Apple CEO Steve Jobs firm focus on the future has placed him in the line of fire of those who respect the past. He wants to knock down an historic building.
Jobs – who remains one of America's most popular CEOs – has a house conversion project in mind; a project which local history buffs reject because it would tear a slice from the scant cultural history of the United States.
The mercurial CEO has owned a $3.5 million mansion (460 Mountain Home Road) in Woodside for twenty years. Jobs once lived there with his sister, before moving along to Palo Alto (five minutes drive away). Times change, and Jobs now calls the place "a dump", and wants to tear it down.
The 17,250-square foot house was built in the 1920s by Utah copper magnate Daniel Jackling (illustrated). Jackling lived in his authentic Mission Revival style home until he died in 1956. And while the house may be dated by modern standards, local historians and planning officials believe its an essential part of local – and US – cultural heritage.
The house is "designed to resemble a medieval Spanish village, with interior and exterior stucco walls built 14-inches apart to give the appearance of thick adobe or stone walls while at the same time providing insulation", according to The Almanac. It includes 14 bedrooms and 13 bathrooms.
Jobs 'going underground'
The house was also the forum for a doom-laden meeting of Apple staff on June 2 1985, two days after then Apple CEO John Sculley ousted Jobs as Apple executive vice president and general manager of the Macintosh division, leaving him with just the titular chairmanship of the company. Jobs, Bill Atkinson, Bud Tribble, Steve Capps and Andy Hertzfeld all met for a gourmet vegetarian Sunday dinner there to consider the implications of Sculley's corporate move.
Hertzfeld told Folklore.org: "We knocked on the door and waited a few minutes before Steve appeared and led us inside. The massive house was almost completely unfurnished, and our footsteps echoed eerily as he led us to a large room near the kitchen, with a long table, one of the few rooms that had any furniture."
Jobs was more depressed at this meeting than anyone had ever seen him, complaining that his new role as chairman at Apple was "ceremonial". The team discussed old times over their meal, after which, "we retired to another room that had an expensive stereo system and an elaborate model of the mostly underground house that Steve planned to build to replace the one we were standing in," Hertzfeld revealed.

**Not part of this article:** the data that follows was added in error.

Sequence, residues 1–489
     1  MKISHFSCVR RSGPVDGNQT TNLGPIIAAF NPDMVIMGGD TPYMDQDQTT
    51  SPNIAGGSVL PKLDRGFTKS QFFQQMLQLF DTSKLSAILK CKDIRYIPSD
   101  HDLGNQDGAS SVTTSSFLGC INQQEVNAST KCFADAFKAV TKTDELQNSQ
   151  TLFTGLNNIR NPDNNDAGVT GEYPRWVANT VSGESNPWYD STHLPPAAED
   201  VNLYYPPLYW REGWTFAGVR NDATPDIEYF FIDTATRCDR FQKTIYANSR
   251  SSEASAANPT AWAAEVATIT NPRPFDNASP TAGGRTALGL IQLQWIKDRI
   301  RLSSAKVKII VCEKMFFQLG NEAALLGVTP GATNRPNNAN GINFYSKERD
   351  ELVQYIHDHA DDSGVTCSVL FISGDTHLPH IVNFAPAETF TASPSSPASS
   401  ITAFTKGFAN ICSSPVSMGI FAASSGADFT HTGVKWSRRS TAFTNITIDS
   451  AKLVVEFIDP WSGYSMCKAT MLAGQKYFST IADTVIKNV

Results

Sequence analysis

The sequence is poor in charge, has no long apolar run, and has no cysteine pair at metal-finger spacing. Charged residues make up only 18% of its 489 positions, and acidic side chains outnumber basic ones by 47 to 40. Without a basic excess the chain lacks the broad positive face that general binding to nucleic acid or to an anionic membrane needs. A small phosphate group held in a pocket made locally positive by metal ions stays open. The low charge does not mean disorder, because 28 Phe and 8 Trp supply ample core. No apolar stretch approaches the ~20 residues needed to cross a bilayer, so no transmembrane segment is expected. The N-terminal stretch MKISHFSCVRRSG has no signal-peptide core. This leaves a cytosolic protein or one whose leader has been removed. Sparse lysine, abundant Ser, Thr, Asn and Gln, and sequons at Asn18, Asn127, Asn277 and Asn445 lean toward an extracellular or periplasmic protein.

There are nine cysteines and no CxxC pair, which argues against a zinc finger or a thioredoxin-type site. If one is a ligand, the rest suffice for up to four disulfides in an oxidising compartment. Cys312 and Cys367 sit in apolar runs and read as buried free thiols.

Of interest is the fact that Jobs' close friend Oracle CEO and founder Larry Ellison also has 'a place' in Woodside, a $100 million estate styled like a medieval Japanese village. This is where Ellison married romance novelist Melanie Craft on December 18 last year. Jobs took the wedding photos.
Woodside (population 5,352) is one of the "wealthiest small US towns", according to www.fact-index.com. It is also the town Dynasty was filmed in. Other famous Woodside residents include Intel co-founder Gordon Moore, rock singer Neil Young, and Jobs' former girlfriend Joan Baez.
Historian urges 'don't trash the past'
The Palo Alto Daily News spoke with local history expert William Webster, who said: "It's very important that this is a Mission Revival house. It's a cherished part of Californian heritage."
Critical of a forward-looking culture placing little value in its past, he added: "But if you're part of the go-go culture, you're only interested in the day after tomorrow, not yesterday. And Mr. Jobs is certainly a part of that. I've got an iMac myself. But it represents a one-sided appreciation of the future and damn the past."
Apple employee number '0' Steve Jobs may insist his house is a dump that needs knocking down, but local historians insist it wasn't when he bought the place.
Jobs has lent his house out. Former US president Bill Clinton sometimes stayed in the house while his daughter went to a local University.
Jobs has offered to provide photographic documentation of the home and to salvage various architectural features, such as tiles, light fixtures and the copper mailbox embossed with the name Jackling, but these are considered insufficient, according to a local environmental impact report.
City planners will vote on the issue June 16 "in a public meeting at Independence Hall, 2,955 Woodside Road beginning at 7.30pm".
Jobs may be able to implore an act of God to resolve his conflict with local planners – the San Andreas Fault runs straight through the town.